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Lightning Lou: Breaking Tackles And Breaking Barriers

Shedding Light On The Struggles Faced By Montgomery, BC's First Black Athlete

Sports Editor

Published: Thursday, May 3, 2012

Updated: Wednesday, January 9, 2013 19:01

“BC found itself in a position to call attention to the severe injustices that were taking place, not just in the south, but pretty much everywhere else in the country as well,” Dullea wrote. “They could have shown that they practiced what they preached in the classroom and the pulpit. But instead they blamed others—the hardened Jim Crow attitudes of southern institutions—rather than ‘manning up’ and doing the right thing.”

Montgomery died in 1994, and was posthumously inducted into the Boston College Varsity Club Hall of Fame in 1997. But for Dullea, that was not enough, and he has proposed his own solution.

“I propose the Alumni Stadium be renamed Lou Montgomery Stadium, and further, that a statue of Lightning/Hula Lou be placed right out there in front of it, next to that of Doug Flutie,” Dullea wrote. “And there should be a plaque right there on, or close to the statue, that tells Lou’s story—both the good and the bad parts.”

In the meantime, athletic director Gene DeFilippo has decided to retire Montgomery’s number, 21, during the season-opener on Sept. 1 against Miami.

“It’s a nice gesture, but it’s a little too close to tokenism,’’ Dullea told The Boston Globe in response to the announcement. “The more significant, the more visible the action that BC takes, the better they will look in the eyes of fair-minded people.’’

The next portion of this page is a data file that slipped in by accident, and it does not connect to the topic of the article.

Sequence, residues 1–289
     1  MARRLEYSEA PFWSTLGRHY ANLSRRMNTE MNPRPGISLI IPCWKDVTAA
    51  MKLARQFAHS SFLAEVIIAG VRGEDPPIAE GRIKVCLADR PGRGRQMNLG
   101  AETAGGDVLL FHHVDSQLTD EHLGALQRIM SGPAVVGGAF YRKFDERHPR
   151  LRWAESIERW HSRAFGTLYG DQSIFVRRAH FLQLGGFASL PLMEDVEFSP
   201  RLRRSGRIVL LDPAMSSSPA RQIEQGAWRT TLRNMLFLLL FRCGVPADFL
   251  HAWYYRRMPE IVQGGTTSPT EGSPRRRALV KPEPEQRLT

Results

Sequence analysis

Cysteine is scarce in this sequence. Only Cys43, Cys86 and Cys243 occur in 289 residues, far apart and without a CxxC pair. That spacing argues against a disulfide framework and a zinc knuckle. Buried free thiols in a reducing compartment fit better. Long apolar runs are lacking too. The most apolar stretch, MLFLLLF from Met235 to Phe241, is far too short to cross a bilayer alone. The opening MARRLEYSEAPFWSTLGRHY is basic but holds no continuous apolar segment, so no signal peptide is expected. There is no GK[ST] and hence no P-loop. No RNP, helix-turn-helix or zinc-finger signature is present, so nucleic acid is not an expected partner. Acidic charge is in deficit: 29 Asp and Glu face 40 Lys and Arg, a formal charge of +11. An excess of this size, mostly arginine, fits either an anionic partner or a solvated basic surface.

Reid Oslin, associate director for the Office of News and Public Affairs and former director of media relations for athletics, called Montgomery “one of many weapons” in a loaded BC backfield at the time, and “a pioneer in the sport of college football.” This is the rationale behind retiring Montgomery’s number, which will be just the eighth retired jersey in the history of the program.

In regards to Dullea’s proposal to make it Lou Montgomery Stadium, Oslin said that BC is not considering this because of the meaning behind the name Alumni Stadium. Oslin explained that in 1957, the Eagles needed to find a new home after Red Sox owner Tom Yawkey decided he didn’t want BC to play at Fenway Park any longer because it was tearing up the pristine grass.

The school needed to raise funds quickly for a new stadium on the Chestnut Hill campus. Over the next seven months, alumni came together to raise over $350,000 to go toward building a stadium.

“Football was saved because the alumni contributed,” Oslin said. “The stadium is named after all alumni.”

Oslin noted that America in the 1940s was a “different era,” though he said that was absolutely no excuse for the way Montgomery was treated while at BC.

If you want to learn more about Montgomery and Dullea's campaign to rename Alumni Stadium in honor of Montgomery, you can visit

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